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Authors: Daniel Kraus

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Scowler

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ALSO BY DANIEL KRAUS

The Monster Variations

Rotters

This is a work of fiction. Names, characters, places, and incidents either are the product of the author’s imagination or are used fictitiously. Any resemblance to actual persons, living or dead, events, or locales is entirely coincidental.

Text copyright © 2013 by Daniel Kraus
Jacket art copyright © 2013 by Vincent Chong

All rights reserved. Published in the United States by Delacorte Press, an imprint of Random House Children’s Books, a division of Random House, Inc., New York.

Delacorte Press is a registered trademark and the colophon is a trademark of Random House, Inc.

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Library of Congress Cataloging-in-Publication Data
Kraus, Daniel.
Scowler / Daniel Kraus. — 1st ed.
p. cm.
Summary: In the midst of a 1981 meteor shower in Iowa, a homicidal maniac escapes from prison and returns to the farm where his nineteen-year-old son, Ry, must summon three childhood toys, including one called Scowler, to protect himself, his eleven-year-old sister, Sarah, and their mother.
eISBN: 978-0-307-98087-8 [1. Mentally ill—Fiction. 2. Violence—Fiction. 3. Meteorites—Fiction. 4. Family life—Iowa—Fiction. 5. Farm life—Iowa—Fiction. 6. Iowa—Fiction. 7. Horror stories.] I. Title PZ7.K8672Sco 2013 [Fic]—dc23 2012005363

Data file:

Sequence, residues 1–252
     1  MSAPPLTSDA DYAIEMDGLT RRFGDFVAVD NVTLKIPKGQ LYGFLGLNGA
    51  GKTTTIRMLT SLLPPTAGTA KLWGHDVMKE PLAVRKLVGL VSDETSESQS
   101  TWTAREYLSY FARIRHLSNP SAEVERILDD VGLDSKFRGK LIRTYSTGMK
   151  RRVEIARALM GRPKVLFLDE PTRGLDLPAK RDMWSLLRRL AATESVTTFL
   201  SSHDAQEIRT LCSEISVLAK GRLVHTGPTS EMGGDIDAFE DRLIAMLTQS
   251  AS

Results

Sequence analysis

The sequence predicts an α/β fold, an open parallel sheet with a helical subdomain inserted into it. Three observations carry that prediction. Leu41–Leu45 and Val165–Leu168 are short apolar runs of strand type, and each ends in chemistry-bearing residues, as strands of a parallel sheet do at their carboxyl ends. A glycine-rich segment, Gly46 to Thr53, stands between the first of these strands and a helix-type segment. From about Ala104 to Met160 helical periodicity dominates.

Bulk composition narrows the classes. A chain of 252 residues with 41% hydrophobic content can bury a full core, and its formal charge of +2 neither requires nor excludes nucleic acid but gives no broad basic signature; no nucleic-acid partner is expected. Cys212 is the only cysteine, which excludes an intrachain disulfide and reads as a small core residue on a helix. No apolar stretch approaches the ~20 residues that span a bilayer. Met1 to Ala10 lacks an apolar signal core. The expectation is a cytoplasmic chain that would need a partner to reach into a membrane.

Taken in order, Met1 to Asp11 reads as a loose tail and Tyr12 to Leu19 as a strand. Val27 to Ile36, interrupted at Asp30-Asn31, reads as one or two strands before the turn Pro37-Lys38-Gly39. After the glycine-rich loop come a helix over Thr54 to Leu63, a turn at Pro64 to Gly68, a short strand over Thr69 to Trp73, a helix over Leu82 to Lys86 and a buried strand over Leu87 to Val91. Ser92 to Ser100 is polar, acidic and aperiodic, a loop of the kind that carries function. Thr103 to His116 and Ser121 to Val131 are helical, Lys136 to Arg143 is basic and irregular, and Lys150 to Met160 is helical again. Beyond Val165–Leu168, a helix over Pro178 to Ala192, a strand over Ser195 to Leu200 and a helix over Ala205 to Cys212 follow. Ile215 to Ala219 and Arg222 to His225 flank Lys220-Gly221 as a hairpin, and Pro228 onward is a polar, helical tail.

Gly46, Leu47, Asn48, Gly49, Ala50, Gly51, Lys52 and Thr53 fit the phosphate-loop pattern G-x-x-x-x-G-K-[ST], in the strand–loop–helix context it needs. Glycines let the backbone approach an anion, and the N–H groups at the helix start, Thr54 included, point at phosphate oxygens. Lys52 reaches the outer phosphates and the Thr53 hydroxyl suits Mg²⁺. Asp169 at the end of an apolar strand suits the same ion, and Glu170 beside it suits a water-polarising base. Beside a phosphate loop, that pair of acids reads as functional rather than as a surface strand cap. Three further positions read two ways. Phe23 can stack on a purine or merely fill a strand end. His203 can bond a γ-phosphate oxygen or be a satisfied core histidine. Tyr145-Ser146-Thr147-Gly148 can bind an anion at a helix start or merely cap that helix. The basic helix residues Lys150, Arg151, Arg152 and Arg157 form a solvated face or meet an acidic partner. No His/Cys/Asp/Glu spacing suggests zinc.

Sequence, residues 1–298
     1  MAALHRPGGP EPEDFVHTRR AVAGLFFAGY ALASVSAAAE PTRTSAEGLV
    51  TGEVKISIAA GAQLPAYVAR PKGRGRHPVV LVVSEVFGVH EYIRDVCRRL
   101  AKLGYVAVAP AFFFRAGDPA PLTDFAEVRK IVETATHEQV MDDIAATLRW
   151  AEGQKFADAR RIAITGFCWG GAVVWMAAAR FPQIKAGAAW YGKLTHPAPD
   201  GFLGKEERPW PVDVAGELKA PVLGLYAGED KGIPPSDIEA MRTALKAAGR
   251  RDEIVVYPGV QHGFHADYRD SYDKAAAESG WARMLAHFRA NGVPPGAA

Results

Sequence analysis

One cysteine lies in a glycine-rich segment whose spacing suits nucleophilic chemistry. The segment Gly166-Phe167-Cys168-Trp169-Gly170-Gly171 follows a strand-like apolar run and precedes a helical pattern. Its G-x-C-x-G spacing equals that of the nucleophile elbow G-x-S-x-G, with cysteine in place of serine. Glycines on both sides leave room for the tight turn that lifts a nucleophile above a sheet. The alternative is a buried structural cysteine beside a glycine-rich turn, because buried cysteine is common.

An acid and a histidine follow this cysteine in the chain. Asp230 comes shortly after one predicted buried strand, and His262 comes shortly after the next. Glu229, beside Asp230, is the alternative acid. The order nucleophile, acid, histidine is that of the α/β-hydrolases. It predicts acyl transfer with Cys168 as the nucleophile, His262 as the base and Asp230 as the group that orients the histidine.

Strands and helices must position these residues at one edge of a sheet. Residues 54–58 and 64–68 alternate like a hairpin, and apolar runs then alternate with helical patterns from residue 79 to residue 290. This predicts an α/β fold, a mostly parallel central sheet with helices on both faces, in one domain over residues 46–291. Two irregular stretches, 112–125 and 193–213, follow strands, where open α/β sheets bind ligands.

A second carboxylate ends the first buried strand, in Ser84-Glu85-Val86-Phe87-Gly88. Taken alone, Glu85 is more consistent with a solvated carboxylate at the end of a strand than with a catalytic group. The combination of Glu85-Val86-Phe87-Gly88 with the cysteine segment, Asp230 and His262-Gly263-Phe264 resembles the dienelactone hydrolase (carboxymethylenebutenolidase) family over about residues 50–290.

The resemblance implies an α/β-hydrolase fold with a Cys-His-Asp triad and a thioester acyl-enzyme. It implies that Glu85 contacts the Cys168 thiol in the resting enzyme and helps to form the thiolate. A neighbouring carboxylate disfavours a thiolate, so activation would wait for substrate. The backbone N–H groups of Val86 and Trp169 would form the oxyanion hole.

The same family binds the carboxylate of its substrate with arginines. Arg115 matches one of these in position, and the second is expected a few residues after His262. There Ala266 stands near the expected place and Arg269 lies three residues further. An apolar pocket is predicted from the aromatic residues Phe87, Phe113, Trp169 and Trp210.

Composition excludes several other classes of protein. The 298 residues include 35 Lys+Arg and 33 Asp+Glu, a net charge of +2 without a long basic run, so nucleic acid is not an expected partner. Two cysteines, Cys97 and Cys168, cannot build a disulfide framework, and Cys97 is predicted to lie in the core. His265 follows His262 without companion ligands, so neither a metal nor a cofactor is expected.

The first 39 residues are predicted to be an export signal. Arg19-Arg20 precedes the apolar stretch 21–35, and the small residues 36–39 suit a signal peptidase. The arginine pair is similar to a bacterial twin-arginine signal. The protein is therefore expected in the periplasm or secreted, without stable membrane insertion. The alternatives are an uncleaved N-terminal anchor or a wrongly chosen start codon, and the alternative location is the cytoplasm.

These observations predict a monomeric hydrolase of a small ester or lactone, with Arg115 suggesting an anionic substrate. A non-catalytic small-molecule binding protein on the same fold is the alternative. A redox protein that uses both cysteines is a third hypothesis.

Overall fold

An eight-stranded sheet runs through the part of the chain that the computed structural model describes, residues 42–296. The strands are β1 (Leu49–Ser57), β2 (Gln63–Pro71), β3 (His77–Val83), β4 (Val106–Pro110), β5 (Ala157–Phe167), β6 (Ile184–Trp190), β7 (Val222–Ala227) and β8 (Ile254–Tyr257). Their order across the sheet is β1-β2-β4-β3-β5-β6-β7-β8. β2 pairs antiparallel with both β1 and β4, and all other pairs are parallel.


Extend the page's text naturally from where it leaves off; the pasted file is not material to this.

Random House Children’s Books supports the First Amendment and celebrates the right to read.

v3.1

In memory of
Susan Laura Kraus,
1952–2005

From August 23 to 24, 1981
, at least three large meteorites landed in southeastern Iowa. A prison, a farm, and a bridge were damaged in the impacts. Smaller fragments are still being discovered to this day.

The Blamings of the Birds
SUNDAY, AUGUST 23, 1981
20 HRS., 10 MINS. UNTIL IMPACT

A
tooth was missing and that was never a pleasant thing. It was going on thirty minutes that Ry and Sarah had been after it. When the tiny white kernel had shaken loose from her mouth, Sarah had been staring up at the sky, something she did these days with escalating frequency. The brilliance of the cloudless blue seemed not to faze her, nor did the nip of the heavy and sluggish mosquitoes. She would go blind that way, and Ry knew that was bad; also bad, though, was the unhappy notion that this flat, dull stretch of moribund farmland contained a realm of fascination that in all his years he’d been either unwilling or unable to notice.

What she was looking for were meteors. According to the radio, Sarah was a good eight or nine hours early, but none of the estimates had addressed whether or not you could see